Tuesday, February 21, 2006

Comfort Food # 1

Last week I was called away on a culinary mission of mercy to help restore the strength and failing appetite of an ill family member. So Min (that's her, left) and I packed up, equipped with my pack of chef’s knives and supplies aplenty. Comfort food was in order. Things that taste yummy and make you feel good as well as being good for you (well in some cases only sort of good). Little souvenir d’enfant that remind you of mum looking after you when you were a kid sick in bed with the day off school.

So the following posts are a selection of what tempted this particular appetite into recovery and ultimately (I’m glad to say) wellness.

First job upon arrival was a big batch of Jewish/Asian ‘penicillin’, set to bloop on the hotplate for a few hours – the rich chicken stock that has scientifically proven restorative powers and can be turned into any number of limpid golden delights like chicken and corn soup, or a light gingery broth with silken poached chicken breast infused with lemongrass and a hint of chilli. Mmmmmmm ….. feeling better already. In addition to whole chicken use a few kilos of chicken necks for extra flavour and remove the chicken and take the meat off before it overcooks, put the carcass bones back into the stock and let simmer for a few more hours. This way you have abundant sweet chicken to lace through finished soups.

Another request:


60 mls olive oil
1 onion, finely chopped
2 garlic cloves, crushed
2 large bunches of baby spinach or English spinach
1 bunch shallots, finely chopped
2 tbsp finely chopped dill
250 g feta cheese crumbled plus 150 g ricotta cheese (or you can use all ricotta if you prefer)
4 tbsp kefalotyri or parmesan cheese, grated
½ tsp freshly grated nutmeg.

1 packet of filo pastry
Lots of melted butter.
A brush.

Heat the oil and fry the onion and garlic till softened. Set aside in your mixing bowl.

Blanch the spinach, refresh in ice cold water, then in your hands squeeze the spinach until you get most of the residual water out. You should end up with a densely packed handful. This process concentrates the flavour and ensures that the finished pie won’t be watery and soggy. Watery spinach is the natural enemy of spanakopita.

In the mixing bowl, combine the onion and garlic with spinach shallots, cheeses, dill and nutmeg. Season with salt and pepper.

Brush your baking tray with butter start layering the pastry, pushing gently into the sides to fit the tray. Don’t cut the layers, let them drape over the side. Trust me. You’ll see why you have to do this soon. Brush each layer with butter as you build up the base. Use about 8-10 sheets.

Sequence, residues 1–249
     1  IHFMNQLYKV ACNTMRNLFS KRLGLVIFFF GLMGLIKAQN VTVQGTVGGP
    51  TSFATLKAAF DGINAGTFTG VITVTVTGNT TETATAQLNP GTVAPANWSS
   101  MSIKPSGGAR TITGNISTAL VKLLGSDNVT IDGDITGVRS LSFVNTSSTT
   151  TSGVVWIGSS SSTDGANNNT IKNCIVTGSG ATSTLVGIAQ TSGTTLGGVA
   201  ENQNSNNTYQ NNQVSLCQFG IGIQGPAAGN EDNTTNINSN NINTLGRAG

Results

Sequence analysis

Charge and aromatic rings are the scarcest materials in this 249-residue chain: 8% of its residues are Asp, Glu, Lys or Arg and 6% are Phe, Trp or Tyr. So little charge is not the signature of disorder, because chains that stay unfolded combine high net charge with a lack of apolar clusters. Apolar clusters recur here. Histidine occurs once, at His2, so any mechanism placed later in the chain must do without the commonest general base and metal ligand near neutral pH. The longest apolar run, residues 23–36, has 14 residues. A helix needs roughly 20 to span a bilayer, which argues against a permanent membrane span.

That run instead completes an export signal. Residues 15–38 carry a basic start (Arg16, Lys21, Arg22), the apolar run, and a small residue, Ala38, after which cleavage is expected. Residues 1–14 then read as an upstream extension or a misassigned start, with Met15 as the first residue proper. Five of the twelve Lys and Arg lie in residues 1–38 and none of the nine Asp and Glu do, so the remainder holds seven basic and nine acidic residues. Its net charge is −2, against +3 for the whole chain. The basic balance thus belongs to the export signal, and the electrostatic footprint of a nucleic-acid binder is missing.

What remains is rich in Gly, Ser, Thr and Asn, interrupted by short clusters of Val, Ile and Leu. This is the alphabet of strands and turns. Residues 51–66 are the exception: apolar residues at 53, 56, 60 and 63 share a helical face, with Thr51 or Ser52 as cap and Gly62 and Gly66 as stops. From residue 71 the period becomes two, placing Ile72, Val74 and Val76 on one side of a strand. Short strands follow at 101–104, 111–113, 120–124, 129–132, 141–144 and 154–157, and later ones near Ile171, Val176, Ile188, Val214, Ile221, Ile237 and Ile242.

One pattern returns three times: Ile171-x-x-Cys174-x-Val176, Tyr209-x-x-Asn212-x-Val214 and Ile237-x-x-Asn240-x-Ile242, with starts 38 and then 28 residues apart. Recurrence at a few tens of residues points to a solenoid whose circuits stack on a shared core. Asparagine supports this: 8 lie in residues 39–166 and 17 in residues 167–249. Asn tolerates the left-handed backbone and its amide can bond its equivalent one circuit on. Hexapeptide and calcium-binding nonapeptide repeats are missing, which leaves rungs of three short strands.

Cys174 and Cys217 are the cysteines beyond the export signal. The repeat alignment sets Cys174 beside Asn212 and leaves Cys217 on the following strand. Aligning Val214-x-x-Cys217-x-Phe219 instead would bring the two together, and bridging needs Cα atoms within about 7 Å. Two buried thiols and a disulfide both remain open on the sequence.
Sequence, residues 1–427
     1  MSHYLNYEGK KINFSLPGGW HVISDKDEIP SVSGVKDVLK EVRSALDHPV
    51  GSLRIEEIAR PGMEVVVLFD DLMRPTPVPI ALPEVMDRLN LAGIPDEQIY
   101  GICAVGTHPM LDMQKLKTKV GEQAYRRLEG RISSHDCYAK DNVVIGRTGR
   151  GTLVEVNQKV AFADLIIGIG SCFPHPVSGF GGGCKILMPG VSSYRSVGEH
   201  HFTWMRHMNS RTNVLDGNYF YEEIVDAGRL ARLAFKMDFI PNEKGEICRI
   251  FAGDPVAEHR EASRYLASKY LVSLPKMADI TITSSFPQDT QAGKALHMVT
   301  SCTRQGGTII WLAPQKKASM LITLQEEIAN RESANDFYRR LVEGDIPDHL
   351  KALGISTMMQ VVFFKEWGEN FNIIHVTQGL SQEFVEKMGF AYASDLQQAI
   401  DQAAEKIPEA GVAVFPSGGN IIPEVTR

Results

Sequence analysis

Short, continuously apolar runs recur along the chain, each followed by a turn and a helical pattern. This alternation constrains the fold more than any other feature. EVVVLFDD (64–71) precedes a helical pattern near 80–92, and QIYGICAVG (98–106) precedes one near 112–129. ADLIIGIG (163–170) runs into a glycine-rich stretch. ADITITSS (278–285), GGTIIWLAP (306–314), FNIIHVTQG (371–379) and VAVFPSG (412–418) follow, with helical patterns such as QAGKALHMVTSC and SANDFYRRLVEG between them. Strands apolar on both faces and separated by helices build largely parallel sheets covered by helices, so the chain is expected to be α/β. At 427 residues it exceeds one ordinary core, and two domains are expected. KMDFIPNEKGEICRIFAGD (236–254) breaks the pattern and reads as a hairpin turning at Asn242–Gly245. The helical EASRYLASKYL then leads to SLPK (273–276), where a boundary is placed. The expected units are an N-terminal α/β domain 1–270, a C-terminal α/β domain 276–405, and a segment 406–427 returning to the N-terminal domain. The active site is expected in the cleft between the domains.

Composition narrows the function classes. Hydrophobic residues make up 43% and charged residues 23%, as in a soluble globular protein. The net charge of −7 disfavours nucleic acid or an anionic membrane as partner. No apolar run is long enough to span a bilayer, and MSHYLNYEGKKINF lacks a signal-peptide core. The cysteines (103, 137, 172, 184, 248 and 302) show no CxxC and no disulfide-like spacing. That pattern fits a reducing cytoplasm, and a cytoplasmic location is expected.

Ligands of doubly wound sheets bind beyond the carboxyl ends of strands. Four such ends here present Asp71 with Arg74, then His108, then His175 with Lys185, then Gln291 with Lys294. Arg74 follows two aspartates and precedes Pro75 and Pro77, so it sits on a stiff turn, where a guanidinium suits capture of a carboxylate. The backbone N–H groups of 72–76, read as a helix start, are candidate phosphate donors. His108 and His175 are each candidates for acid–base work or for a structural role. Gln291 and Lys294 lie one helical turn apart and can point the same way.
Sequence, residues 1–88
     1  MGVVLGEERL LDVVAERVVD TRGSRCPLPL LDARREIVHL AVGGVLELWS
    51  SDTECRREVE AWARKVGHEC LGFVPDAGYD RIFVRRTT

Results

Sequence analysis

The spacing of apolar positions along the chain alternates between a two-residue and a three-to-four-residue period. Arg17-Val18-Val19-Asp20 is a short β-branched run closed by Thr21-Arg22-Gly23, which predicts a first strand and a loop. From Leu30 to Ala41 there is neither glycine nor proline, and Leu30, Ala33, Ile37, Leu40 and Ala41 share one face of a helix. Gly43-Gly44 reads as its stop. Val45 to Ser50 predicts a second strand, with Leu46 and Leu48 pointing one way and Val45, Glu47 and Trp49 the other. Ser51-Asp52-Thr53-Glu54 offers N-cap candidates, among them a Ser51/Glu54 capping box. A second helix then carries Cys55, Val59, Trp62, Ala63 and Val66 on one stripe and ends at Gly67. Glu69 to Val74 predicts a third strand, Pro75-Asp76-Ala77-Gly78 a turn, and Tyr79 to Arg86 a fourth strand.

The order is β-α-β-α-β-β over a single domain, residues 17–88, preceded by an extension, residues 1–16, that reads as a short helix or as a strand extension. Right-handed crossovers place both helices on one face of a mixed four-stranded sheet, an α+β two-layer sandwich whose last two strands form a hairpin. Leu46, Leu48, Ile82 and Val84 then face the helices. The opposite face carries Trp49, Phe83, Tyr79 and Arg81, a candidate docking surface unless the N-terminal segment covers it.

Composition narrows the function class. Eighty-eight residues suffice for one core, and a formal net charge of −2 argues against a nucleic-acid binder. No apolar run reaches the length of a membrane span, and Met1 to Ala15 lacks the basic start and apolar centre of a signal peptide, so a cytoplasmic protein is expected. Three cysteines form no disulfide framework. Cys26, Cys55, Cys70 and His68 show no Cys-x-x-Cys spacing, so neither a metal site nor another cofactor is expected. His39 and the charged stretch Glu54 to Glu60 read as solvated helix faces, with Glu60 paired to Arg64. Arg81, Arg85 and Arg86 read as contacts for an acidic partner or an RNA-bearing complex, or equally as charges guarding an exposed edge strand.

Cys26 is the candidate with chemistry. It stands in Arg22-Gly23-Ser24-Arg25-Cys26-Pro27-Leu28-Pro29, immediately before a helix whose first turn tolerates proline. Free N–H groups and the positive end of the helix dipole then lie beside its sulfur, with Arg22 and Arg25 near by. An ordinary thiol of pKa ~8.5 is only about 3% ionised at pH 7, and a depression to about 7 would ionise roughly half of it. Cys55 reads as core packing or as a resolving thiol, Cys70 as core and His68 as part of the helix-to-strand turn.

Before you put the filling in, sprinkle the base of the pie with about 1-2 tablespoons of fine breadcrumbs. This also helps with natural enemy as mentioned above. Spread the filling out evenly and Then use more layers of filo for the top, this time trimming to size and tucking the edges over the filling and into the base layers. Fold those draped layers back into the tray over the filling. See! I told you it would work. This makes for a better seal and makes a neater pie. Brush the top with butter and score the pie with a sharp knife into serving portions into the top layers – in squares or diamonds or origami patterns or the shape of your current favourite pop star. This makes it easier to cut when baked and saves you spraying cooked crisp filo all over the dining room floor and the guests. It also saves you from totally destroying and crushing your pretty pie and serving up a lump of green and white goo with shards of filo scattered all over it. Not a good look. Bake in a 180-200C oven for about 45 mins or until the top is golden brown.


Anonymous augustusgloop said...

Yum! I love spanakopita! And I do love my comfort food...

11:41 AM  
Blogger Reb said...

ALl that iron must be good for you ... and the butter ... and the cheese ... um well maybe

3:50 PM  

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